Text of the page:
Rooster Beers Isn't Just A Beautifully Designed Brew, It's A Celebration Of Vietnamese Culture

by Rudy Sanchez on 08/20/2020 | 4 Minute Read

Chickens are familiar to almost everyone on the planet. The bird, originating in the jungles of Southeast Asia, provides a common and relatively inexpensive protein from its flesh and eggs. And though these fowl are found all over the world, the rooster’s significance varies wildly among different cultures. 

In America, some consider it little more than a farmer’s alarm clock or comic arch-nemesis, but it Vietnam, the bird is highly esteemed, and its virtues admired. So when Rice Creative looked to create a new brand identity for Vietnamese craft brewer Rooster Beer, formerly known as Phat Rooster Ales, they turned to the nation’s love of the cockerel.

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“The rooster, as an animal, is kind of omnipresent in Vietnam," explains Joshua Breidenbach, partner and creative director at Rice Creative. "While the rooster is associated with a warm, rural environment, one is just as likely to see and hear a rooster in the center of the city, as much as on a farm."

Editorial photograph
Editorial photograph

What’s more, it’s a symbol of hard work, dependability, pride, and strength. “It’s a positive symbol in Vietnamese culture from its origins to now,” he adds. “Depictions of roosters can be seen hammered into some of the earliest known Vietnamese metal-works. Today they crow at dawn in the centers of Vietnam’s most modern cities."

Editorial photograph
Editorial photograph

Beer is a popular beverage in Vietnam, the nation drinks 43 liters of suds per capita annually, putting it behind only China and Japan in terms of consumption regionally and 15th globally. Many beers in Vietnam get brewed so they can get consumed in the local, balmy temperatures, just as any Anthony Bourdain rerun or YouTube clip will tell you. So, lighter ales that you can enjoy socially with food dominate the market, but demand for craft-style beers that are popular abroad also exists, a market desire that Rooster founders set out to help feed in 2015.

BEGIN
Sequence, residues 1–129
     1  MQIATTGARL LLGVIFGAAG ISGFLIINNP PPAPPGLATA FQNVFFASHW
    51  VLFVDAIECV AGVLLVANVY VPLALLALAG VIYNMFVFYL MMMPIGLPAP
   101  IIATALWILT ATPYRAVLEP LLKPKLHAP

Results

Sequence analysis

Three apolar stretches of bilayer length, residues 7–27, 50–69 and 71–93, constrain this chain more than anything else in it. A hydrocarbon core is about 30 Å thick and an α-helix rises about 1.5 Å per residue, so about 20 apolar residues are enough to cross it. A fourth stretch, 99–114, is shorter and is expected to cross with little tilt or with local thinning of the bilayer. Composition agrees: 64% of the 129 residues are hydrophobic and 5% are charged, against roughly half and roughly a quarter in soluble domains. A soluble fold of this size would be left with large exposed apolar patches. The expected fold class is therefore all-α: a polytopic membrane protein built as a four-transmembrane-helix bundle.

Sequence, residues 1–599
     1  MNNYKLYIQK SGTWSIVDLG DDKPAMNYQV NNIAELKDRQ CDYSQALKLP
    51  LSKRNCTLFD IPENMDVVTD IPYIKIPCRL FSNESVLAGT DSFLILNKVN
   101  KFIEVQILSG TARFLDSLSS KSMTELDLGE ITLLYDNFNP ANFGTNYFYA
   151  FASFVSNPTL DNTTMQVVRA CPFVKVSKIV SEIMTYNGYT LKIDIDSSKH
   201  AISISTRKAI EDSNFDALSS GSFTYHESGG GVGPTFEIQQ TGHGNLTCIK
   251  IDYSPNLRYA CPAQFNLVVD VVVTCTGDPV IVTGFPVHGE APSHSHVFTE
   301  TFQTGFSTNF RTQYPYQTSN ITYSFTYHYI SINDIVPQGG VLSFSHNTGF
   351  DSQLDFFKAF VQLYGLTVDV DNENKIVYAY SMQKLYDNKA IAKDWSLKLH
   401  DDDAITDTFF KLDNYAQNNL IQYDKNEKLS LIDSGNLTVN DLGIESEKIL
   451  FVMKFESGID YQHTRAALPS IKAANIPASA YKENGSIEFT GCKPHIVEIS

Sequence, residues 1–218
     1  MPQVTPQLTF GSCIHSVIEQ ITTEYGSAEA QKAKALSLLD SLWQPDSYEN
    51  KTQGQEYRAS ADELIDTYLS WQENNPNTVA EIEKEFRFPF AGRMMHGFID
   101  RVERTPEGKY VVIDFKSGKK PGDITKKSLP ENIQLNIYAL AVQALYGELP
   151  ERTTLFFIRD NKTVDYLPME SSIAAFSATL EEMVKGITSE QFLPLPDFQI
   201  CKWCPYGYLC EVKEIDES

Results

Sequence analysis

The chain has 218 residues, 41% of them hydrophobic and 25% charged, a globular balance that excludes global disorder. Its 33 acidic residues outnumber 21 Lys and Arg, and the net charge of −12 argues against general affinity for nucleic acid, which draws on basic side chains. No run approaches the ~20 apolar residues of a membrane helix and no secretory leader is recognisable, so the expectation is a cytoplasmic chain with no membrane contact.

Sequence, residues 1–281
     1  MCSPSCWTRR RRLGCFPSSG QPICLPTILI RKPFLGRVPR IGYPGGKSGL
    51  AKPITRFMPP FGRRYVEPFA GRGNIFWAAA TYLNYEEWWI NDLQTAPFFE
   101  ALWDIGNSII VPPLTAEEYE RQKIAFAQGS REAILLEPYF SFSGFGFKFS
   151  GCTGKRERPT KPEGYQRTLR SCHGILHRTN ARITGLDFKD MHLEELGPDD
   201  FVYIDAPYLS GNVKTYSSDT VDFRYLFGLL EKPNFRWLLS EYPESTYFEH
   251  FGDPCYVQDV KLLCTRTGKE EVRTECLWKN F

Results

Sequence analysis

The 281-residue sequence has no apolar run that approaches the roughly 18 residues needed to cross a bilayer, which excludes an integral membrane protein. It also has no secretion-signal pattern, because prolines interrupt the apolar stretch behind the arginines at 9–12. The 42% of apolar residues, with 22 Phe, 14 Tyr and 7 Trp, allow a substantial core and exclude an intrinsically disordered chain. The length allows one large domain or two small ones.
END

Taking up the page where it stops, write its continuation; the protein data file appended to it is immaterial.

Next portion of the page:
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Editorial photograph
Editorial photograph
Editorial photograph

Instead of relying on stunts and gimmicky flavors, Rooster focused on six classic styles of beer—blonde, pale, dark, IPA, hefe, and pilsner—straightforward brews that are crisp and refreshing, right at home in a Vietnamese taproom and approachable for newcomers to craft beer. In fact, the brand eschews much of the attitude and flair commonly associated with the craft beer scene, opting for something that feels local and deeply rooted in Vietnamese culture.

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Rooster Beer wanted a visual identity and branding that matched their approach to brewing and product lineup. Rice gave the brand a color palette based on national identity, a strikingly bold combination of yellow and red. The typography is strong, utilitarian, and can be read easily on a large roadside poster and used digitally. The only real embellishment is an illustration of a proud rooster and some light-hearted and succinct copy such as “Locally Acclaimed” and the somewhat curious “Here Comes The Rooster,” a phrase most associated with the Alice in Chains song "Rooster."

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Rice Creative’s execution uses national identity and the beloved banty bird to accurately impart Rooster's approach to craft beer and the brand’s personality, especially the shared characteristics of hardiness, determination, and pride. Overall, it is a brand identity that celebrates the people for whom Rooster brews their beer.

“Like a rooster, the beers are simple, proud, dependable, and have a voice,” Joshua said. “We found these traits reflected in Vietnamese culture itself, which is why the whole brand feels so integrated with the place.”

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